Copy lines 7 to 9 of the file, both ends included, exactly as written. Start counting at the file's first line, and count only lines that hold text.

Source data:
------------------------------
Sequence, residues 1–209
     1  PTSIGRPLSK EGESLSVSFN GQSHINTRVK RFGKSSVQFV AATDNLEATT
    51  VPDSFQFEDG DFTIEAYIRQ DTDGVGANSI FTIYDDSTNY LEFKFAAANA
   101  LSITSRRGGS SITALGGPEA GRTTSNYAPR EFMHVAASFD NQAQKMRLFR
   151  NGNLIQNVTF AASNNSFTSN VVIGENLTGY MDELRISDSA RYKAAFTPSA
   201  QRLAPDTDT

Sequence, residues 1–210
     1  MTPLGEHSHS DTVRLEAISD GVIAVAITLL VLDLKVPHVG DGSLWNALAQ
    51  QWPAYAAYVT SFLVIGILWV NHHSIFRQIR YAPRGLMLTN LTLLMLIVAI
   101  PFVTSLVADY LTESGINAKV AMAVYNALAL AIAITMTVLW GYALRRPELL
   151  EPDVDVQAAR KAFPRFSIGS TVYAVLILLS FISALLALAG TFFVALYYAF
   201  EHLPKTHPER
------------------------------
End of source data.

Sequence, residues 1–210
     1  MTPLGEHSHS DTVRLEAISD GVIAVAITLL VLDLKVPHVG DGSLWNALAQ
    51  QWPAYAAYVT SFLVIGILWV NHHSIFRQIR YAPRGLMLTN LTLLMLIVAI